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Observations placeholder

Bergson, Henri - Matter and Memory - The systems of the universe



Type of Spiritual Experience


The existence of synaesthesia  serves to prove a number of things.

First, it proves that sensory experience is controlled by functions.  Although we have form based equipment to capture the touch, the sight, the sound, the smell or the taste, the processing of it is done via function – so a sort of program that analyses and processes the information for us to make it meaningful.

Secondly it shows that the input from whatever organ or sensory apparatus is involved is turned into the same input ready for processing by the sensory systems.  What enters the sensory systems is converted to ‘software’ and is no longer a sensory specific electronic signal.

Thirdly it shows that the sensory functions act in a not dissimilar way to the computer by processing the inputs to produce recognisable outputs.  But in synaesthesia the inputs get sent to the wrong function.  Thus a sound, for example, produces an image rather than nothing, an image may well produce a recognisable smell or taste.  A sound may produce a recognisable touch sensation. And an image may produce a sound.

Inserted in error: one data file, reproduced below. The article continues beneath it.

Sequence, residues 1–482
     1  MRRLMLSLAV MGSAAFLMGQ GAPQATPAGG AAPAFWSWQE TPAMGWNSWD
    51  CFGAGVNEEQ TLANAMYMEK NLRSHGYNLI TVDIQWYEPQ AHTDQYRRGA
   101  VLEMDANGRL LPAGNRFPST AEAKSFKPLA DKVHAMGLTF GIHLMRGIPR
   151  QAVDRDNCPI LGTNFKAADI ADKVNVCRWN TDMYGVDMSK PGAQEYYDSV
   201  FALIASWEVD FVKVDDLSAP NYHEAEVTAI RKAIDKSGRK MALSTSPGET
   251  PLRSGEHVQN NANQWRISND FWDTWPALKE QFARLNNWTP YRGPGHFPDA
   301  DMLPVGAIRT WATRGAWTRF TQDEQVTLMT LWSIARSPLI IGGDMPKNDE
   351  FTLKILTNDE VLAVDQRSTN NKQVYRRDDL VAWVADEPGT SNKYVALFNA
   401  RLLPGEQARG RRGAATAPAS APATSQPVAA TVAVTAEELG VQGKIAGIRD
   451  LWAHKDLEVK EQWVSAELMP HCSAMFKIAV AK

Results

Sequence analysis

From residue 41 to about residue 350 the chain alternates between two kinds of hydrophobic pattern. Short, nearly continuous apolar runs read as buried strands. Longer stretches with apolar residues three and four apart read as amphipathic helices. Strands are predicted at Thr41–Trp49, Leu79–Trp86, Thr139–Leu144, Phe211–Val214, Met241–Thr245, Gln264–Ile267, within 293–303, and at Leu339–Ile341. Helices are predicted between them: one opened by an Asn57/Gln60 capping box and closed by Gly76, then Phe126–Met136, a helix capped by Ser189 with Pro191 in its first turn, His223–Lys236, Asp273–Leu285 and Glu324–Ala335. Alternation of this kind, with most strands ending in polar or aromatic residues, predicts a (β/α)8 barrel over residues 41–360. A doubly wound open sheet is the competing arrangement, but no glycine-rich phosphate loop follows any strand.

A description of the experience

Henri Bergson – Matter and Memory

How does it reunite visual extension with tactile extension?  All that my vision perceives in space [can be] verified by my touch.  Shall we say that the objects are constituted by just the co-operation of sight and touch and that the agreement of the two senses in perception may be explained by the fact that the object perceived is their common product?

But how could there be anything common, in the matter of quality, between an elementary visual sensation and a tactile sensation, since they belong to two different genera?

So we are now obliged to suppose over and above visual sensations, over and above tactile sensations, a certain order which is common to both and which consequently must be independent of either.  We may go further; this order is independent of our individual perception, since it is the same for all men, and constitutes a world in which effects are linked with causes in which phenomenon obey laws.  We are thus led at last to the hypothesis of an objective order, independent of ourselves;

The source of the experience

Bergson, Henri

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